The Glory of Goldenrod

With fall almost here, now is the perfect time to enjoy the brilliant goldenrods and discover the array of interesting insects that visit them. There are many different kinds of goldenrod, but most are late-bloomers that don’t come into full bloom until late summer and fall.

Goldenrod continues blooming until the frost, which in New York ranges from late September to October, depending on location. As one of the few groups of wildflowers in peak flower at this time, many insects depend on these plants for food, feasting on the nectar and pollen.

There are more than two dozen species of goldenrod native to New York State. They are a member of the Aster family (Asteraceae) and most are in the Genus Solidago, but a few are in the Genus Euthamia and Oligoneuron. All but one species are deep golden yellow (silverrod, Solidago bicolor is white), with hundreds of tiny flowers making up the “inflorescence” or flower head.

If you are interested in learning more about insects, this is one of the easiest ways to get an up-close look at all different kinds.

Giant or swamp goldenrod (Solidago gigantea) is very showy and grows up to seven feet tall. Common eastern bumble bee (Bombus impatiens, shown here) is the most common bumble bee in New York State and the species you are most likely to see feeding on the tiny golden flowers.

You can find goldenrods in a variety of habitats from roadsides, fields, alongside open trails and bike paths, in the dunes of the ocean and Great Lakes shores, and on rocky summits. In almost every State Park you can find goldenrods, and perhaps you will discover you have some in your backyard, neighborhood garden or vacant lots.

State Park’s pollinator habitat initiative has also helped create areas for goldenrods, asters, milkweeds and native grasses by reducing mowing along some roadsides and fields


Common flat-topped goldenrod (Euthamia graminifolia) growing with boneset (Eupatorium sp.) in a coastal grassland at Heckscher State Park.

Many insects are attracted to the goldenrod flowers. Take a close look and be patient. You may find a variety of bees from bumble bees, carpenter bees, tiny mason bees and sweat bees. On a cool morning, the insects are often a bit sluggish which means they are less likely to fly away while you get in close. In fact, in morning or evenings, look for bumblebees sleeping upside-down under the goldenrod flower branches!

Canada goldenrod (Solidago canadensis) is among the species with a tidy cone-shaped top, this one complete with sleeping bumble bees.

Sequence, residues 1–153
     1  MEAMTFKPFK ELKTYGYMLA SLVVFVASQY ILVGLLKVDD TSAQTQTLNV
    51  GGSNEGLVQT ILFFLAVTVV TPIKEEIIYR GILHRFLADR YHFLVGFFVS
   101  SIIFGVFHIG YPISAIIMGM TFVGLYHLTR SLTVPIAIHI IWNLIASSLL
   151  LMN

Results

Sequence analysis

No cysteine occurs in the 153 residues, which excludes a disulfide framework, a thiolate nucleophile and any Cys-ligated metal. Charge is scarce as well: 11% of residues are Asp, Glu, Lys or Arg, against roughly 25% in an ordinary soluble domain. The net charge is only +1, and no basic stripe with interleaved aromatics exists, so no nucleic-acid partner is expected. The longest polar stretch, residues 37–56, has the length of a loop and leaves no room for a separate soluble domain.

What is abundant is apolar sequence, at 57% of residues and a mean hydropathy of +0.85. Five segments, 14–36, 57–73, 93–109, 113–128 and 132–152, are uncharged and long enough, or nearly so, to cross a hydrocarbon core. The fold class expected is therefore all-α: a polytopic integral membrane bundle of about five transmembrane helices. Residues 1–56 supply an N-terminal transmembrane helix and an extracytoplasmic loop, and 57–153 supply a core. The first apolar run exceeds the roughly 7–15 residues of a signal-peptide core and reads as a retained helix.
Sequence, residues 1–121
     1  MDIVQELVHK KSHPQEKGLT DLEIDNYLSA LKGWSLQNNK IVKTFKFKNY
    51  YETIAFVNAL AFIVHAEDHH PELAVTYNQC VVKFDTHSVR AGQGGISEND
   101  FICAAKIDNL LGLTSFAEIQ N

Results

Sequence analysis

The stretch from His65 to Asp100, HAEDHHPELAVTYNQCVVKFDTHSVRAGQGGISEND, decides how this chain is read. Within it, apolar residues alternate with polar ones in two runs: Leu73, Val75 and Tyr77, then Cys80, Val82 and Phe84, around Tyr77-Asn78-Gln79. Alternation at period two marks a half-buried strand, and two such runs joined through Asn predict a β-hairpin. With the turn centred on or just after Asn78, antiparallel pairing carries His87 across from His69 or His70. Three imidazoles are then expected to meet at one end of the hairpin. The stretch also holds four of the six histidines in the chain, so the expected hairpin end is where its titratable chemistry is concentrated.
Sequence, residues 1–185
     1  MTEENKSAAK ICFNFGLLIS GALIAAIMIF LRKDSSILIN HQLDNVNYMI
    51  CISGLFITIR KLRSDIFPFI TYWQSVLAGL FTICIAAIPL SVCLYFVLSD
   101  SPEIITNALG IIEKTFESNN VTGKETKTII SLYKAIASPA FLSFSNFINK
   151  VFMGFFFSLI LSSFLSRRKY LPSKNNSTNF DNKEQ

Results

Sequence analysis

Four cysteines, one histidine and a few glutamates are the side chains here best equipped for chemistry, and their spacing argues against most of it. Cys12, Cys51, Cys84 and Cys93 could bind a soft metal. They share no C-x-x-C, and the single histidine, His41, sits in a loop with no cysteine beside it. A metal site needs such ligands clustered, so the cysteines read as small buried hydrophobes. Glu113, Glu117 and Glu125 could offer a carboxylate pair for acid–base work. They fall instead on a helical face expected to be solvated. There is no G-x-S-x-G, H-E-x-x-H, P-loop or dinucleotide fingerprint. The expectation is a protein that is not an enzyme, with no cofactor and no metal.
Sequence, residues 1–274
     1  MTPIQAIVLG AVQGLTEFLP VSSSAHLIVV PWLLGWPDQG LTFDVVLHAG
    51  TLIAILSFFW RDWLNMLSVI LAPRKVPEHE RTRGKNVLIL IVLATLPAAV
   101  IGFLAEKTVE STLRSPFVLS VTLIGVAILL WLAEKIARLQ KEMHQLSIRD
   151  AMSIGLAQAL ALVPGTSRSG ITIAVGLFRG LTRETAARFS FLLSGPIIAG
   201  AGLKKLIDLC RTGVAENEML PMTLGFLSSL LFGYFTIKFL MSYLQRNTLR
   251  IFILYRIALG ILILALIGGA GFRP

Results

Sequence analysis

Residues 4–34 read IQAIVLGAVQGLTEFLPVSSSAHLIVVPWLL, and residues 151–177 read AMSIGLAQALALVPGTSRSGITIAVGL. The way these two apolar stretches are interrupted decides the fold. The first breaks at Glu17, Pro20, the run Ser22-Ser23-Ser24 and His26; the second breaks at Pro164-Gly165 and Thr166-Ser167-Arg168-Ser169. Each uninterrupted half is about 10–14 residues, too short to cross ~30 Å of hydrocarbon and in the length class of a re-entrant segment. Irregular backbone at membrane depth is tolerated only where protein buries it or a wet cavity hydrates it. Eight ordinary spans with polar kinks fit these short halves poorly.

Beetles are another common visitor, like the ladybugs, lightening and flower beetles. Perhaps you will find an inch-worm or another kind of caterpillar.

A close-up look at the goldenrod flowers and one of a species of long-horned flower beetles.

On sunny days, goldenrod patches are a good place to watch for butterflies like painted lady, monarch and viceroy across the state. On the coast, large numbers of monarch butterflies follow the path of the seaside goldenrod that grows in abundance on the dunes and upper edges of the beach. Without this vast food supply, many of those monarchs would not survive their long journey of up to 3,000 miles.

A Monarch butterfly feeding on seaside goldenrod (Solidago sempervirens).
Seaside goldenrod (Solidago sempervirens), common at state parks like Orient Point, Jones Beach, Napeague and Hither Hills in Long Island, is a key food source for Monarch butterflies migrating south along the Atlantic coast on the way to wintering grounds in Mexico.

In addition to protecting the habitats where goldenrod thrives in the wild, this hardy perennial can also be a beautiful and important part of a pollinator garden or habitat, where birds and small mammals also benefit from the seeds. If you want to add some to your garden or landscape, some plant nurseries carry them, but check the New York Flora Atlas to make sure that the species is native to New York state and not listed as rare or invasive in New York.

Learning to appreciate goldenrods is a great way to support a whole suite of native flora and fauna.


Resources:

NY Flora Atlas http://newyork.plantatlas.usf.edu  (search for Solidago or Euthamia)

GoBotany (a good source plant identification) https://gobotany.nativeplanttrust.org

Check out the other pollinator blogs at NY State Parks Blog too.

Post and photos by Julie Lundgren, New York Natural Heritage Program (nynhp.org)

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